That afternoon was the start of what became a 7-month project documenting the lives of children living in poverty in the United States. I didn’t actually start advocating with these photos but documenting for this project itself opened my eyes to the realization that images could be used to communicate something more. From an early age I was fascinated by the diverse cultures and people groups I read about in National Geographic magazines or at prayer meetings for foreign missionaries at my church, but at the end of the day, they were as mythical to me as Zeus or Hercules. The people and issues were so far removed from the reality of my life and the chances of me traveling to see anything first hand were very slim, so they just didn’t seem real. I started getting out to a much wider array of places and meeting increasingly diverse people after that essay on children in poverty.
3. What are the humanitarian issues you are most passionate about, photographically speaking and why?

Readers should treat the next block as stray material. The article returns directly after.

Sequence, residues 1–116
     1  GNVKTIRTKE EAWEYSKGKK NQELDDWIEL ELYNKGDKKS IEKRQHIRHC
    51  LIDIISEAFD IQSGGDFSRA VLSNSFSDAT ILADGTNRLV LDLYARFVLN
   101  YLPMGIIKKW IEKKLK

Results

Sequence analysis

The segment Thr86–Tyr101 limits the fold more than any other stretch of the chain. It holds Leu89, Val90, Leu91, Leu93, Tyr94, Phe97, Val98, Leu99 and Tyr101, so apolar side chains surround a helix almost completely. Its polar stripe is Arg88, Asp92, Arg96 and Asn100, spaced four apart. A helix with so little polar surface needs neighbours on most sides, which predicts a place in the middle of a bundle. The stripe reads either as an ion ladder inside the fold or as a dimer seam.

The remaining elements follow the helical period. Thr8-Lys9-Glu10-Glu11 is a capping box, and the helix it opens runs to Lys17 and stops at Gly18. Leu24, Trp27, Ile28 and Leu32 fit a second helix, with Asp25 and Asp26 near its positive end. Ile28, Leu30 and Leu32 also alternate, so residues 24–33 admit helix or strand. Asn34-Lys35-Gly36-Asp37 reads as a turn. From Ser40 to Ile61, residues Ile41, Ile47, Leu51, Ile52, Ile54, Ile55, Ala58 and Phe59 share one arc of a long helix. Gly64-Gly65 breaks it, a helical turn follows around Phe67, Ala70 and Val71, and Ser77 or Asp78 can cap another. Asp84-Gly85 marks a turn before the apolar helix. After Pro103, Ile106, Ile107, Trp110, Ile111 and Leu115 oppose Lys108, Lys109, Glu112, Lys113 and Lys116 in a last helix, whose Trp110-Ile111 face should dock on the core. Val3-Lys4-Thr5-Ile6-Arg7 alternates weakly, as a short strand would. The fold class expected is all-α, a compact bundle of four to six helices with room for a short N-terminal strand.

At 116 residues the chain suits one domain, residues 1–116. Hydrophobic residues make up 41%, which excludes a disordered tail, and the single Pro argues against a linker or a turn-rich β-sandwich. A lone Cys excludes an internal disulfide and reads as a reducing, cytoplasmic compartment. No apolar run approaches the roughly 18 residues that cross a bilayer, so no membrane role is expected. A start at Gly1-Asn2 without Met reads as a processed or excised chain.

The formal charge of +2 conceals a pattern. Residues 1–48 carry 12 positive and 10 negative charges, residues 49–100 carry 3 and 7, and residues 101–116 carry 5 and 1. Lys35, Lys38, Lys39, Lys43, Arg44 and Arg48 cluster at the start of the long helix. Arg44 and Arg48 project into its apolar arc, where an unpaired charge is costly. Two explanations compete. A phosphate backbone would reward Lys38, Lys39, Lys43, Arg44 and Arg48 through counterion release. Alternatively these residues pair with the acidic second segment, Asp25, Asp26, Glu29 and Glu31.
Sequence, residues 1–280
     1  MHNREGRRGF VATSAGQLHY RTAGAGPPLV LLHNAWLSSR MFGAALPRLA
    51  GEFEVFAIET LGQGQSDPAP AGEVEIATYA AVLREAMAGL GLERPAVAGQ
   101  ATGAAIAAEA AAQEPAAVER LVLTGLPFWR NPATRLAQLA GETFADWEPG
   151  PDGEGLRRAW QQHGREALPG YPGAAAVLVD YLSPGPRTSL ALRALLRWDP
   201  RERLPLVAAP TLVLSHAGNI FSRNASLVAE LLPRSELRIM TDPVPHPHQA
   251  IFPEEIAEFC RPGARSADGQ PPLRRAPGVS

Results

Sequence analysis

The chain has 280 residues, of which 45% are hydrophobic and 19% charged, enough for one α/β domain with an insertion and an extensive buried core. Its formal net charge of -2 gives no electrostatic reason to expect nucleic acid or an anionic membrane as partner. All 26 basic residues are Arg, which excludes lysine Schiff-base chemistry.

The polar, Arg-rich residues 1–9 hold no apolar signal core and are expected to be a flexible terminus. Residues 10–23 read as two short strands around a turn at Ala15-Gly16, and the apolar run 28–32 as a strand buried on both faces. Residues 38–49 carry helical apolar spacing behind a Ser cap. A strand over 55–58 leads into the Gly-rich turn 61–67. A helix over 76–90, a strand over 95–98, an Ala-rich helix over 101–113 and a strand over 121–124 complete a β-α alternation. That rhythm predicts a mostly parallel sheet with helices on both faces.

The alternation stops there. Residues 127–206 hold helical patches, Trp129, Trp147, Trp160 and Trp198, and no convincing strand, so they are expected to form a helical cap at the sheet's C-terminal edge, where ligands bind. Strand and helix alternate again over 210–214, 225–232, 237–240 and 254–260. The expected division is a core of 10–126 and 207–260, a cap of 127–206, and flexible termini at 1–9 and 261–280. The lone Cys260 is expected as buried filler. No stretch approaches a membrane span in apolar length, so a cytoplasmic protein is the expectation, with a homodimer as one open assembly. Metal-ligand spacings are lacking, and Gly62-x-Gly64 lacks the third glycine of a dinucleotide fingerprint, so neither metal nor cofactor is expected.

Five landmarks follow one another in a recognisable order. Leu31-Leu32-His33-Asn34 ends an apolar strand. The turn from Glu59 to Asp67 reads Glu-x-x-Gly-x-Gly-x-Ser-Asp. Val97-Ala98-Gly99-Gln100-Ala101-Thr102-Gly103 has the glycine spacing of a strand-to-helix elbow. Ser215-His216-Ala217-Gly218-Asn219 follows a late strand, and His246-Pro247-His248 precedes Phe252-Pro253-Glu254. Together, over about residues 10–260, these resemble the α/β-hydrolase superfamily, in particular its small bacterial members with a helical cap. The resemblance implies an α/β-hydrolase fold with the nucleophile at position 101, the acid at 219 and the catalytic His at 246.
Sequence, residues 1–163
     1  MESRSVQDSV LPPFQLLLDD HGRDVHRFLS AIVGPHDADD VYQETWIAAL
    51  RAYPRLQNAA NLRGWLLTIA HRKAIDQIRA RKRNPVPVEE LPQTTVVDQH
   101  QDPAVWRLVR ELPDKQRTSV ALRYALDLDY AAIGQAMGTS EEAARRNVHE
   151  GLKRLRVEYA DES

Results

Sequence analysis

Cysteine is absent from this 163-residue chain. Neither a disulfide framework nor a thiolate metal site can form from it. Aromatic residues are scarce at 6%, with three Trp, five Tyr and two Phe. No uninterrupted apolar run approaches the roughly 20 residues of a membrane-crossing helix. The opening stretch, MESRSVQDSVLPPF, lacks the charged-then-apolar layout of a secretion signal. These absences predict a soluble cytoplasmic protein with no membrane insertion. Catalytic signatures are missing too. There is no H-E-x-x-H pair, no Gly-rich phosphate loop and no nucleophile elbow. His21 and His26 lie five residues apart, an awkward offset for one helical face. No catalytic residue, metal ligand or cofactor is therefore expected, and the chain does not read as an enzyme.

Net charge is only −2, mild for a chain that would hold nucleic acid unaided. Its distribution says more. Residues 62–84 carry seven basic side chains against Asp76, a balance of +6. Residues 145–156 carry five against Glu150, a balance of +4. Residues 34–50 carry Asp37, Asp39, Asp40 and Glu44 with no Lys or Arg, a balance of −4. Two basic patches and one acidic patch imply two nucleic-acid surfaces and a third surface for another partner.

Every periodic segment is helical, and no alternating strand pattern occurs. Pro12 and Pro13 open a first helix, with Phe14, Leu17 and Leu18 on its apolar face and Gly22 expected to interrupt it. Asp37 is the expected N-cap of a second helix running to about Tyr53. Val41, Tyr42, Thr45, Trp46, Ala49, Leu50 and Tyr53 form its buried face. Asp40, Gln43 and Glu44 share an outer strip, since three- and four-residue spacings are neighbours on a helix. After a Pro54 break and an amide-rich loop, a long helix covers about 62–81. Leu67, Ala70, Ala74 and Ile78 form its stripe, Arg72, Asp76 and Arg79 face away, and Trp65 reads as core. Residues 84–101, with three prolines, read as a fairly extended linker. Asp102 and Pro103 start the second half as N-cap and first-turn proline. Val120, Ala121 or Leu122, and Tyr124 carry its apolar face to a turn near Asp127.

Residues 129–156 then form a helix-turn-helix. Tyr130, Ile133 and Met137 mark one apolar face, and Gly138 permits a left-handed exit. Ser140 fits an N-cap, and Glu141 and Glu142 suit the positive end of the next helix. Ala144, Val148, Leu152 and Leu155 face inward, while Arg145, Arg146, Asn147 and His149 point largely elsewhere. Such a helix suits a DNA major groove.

Photographically speaking? I’ve had the luxury of photographing the things I’m personally passionate about up to this point. So personally speaking, I’ve been most passionate about violence against women and chose to photograph the consequences of violence. It’s been happening in one form or another pretty much forever, can we please stop?! This has manifested itself so far in my life by spending a great deal of time either photographing, researching or speaking about sexual violence against women in the DR Congo. Rape is used as a weapon of war because the military factions, rebel, government and otherwise, in the region know how effective mass gang rapes are at destabilizing the family unit and community relations, thus indirectly affecting the agricultural sector, the economy and the educational opportunities for everyone involved. Photographically, the Congolese women are simply beautiful, even in their pain. Their resilience and faith amidst such violence and trauma is inspiring. I can’t imagine anything more physically, personally, emotionally and spiritually violating than the nature of the attacks against these women. If it happened to me, I don’t think I’d have the fortitude to keep going. These women are fighters and survivors. I want to be more like them.